Security Experts:

Connect with us

Hi, what are you looking for?

SecurityWeekSecurityWeek

ICS/OT

Honeywell Sees Rise in USB-Borne Malware That Can Cause Major ICS Disruption

Honeywell release 2020 USB Threat Report

Honeywell release 2020 USB Threat Report

Honeywell says it has seen a significant increase over the past year in USB-borne malware that can cause disruption to industrial control systems (ICS).

Honeywell Industrial Cybersecurity this week published its 2020 USB Threat Report. The report is based on data collected over a period of 12 months by the company’s Secure Media Exchange (SMX) USB security platform from oil and gas, energy, chemical, food, shipping, building, aerospace, pulp and paper, and manufacturing companies across 60 countries in the Americas, Europe and Asia.

An analysis of the data showed that SMX blocked at least one threat at 45% of industrial sites using the product, up from 44% in the previous report, which the company published in 2018.

While only 11% of the malware found on USB drives was specifically designed to target industrial systems — this represents a slight drop compared to the 14% identified in 2018 — 59% of the detected threats could cause significant disruption to industrial systems, compared to only 26% in 2018. On the other hand, that 11% becomes 28% if ransomware, which has increasingly targeted operational technology (OT) systems, is also taken into consideration.

These pieces of malware can launch DoS attacks, cause loss of view to operations management networks, and damage or disrupt key assets, Honeywell says.

Learn more about threats to industrial systems at SecurityWeek’s 2020 ICS Cyber Security Conference and SecurityWeek’s Security Summits virtual event series

The company has seen an increase in the percentage of trojans, worms, rootkits and viruses compared to 2018, and a drop in potentially unwanted applications (PUA), non-targeted bots, spyware, adware and hacking tools. Five percent of all the threats were not detected by other commercial security solutions, Honeywell claimed.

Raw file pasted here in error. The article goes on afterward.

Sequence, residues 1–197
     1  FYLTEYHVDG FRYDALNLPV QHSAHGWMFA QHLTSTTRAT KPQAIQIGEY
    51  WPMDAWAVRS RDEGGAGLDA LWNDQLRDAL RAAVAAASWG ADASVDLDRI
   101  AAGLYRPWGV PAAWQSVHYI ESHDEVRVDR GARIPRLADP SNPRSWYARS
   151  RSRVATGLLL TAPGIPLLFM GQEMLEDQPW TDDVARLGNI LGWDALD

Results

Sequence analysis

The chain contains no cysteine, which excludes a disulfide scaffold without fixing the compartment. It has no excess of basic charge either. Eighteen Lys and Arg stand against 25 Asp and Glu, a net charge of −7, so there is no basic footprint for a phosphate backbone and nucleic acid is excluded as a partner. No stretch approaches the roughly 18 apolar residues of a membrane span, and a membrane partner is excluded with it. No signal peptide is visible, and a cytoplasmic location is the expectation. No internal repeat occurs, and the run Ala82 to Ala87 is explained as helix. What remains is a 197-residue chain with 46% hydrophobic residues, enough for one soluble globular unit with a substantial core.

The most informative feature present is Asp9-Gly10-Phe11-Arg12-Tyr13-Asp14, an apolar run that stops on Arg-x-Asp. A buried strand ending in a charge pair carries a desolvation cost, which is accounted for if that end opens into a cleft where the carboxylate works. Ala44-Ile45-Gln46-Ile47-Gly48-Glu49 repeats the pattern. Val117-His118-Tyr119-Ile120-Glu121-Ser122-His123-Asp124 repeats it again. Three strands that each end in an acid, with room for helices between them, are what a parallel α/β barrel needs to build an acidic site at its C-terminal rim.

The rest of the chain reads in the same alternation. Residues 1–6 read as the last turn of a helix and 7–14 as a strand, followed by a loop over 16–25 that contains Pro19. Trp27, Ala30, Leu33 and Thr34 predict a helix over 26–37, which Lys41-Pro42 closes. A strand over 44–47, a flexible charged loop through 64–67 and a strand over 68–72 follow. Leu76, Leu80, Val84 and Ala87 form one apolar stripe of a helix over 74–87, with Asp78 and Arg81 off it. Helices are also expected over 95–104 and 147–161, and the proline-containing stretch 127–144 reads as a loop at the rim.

The most prevalent threats observed by the company were RATs, backdoors and droppers.

“This makes logical sense: in industrial environments, where network access is difficult, gaining a foothold via USB to then establish remote access and download new malware is a sound strategy for an attacker,” the company said in its report. “While ransomware can be effective via USB, establishing a persistent backdoor with command and control, more coordinated attacks can be attempted in these otherwise elusive environments.”

Related: Honeywell Adds New Features to Forge Cybersecurity Platform

Related: Some ICS Security Incidents Resulted in Injury, Loss of Life: Survey

Related: Outdated OSs Still Present in Many Industrial Organizations

Written By

Eduard Kovacs (@EduardKovacs) is a contributing editor at SecurityWeek. He worked as a high school IT teacher for two years before starting a career in journalism as Softpedia’s security news reporter. Eduard holds a bachelor’s degree in industrial informatics and a master’s degree in computer techniques applied in electrical engineering.

Click to comment

Expert Insights

Related Content

CISO Strategy

Cybersecurity-related risk is a top concern, so boards need to know they have the proper oversight in place. Even as first-timers, successful CISOs make...

Malware & Threats

Microsoft plans to improve the protection of Office users by blocking XLL add-ins from the internet.

ICS/OT

Otorio has released a free tool that organizations can use to detect and address issues related to DCOM authentication.

Cybercrime

CISA, NSA, and MS-ISAC issued an alert on the malicious use of RMM software to steal money from bank accounts.

Cybercrime

Chinese threat actor DragonSpark has been using the SparkRAT open source backdoor in attacks targeting East Asian organizations.

ICS/OT

Vulnerabilities in GE’s Proficy Historian product could be exploited for espionage and to cause damage and disruption in industrial environments.

ICS/OT

A hacktivist group has made bold claims regarding an attack on an ICS device, but industry professionals have questioned their claims.

Application Security

Electric car maker Tesla is using the annual Pwn2Own hacker contest to incentivize security researchers to showcase complex exploit chains that can lead to...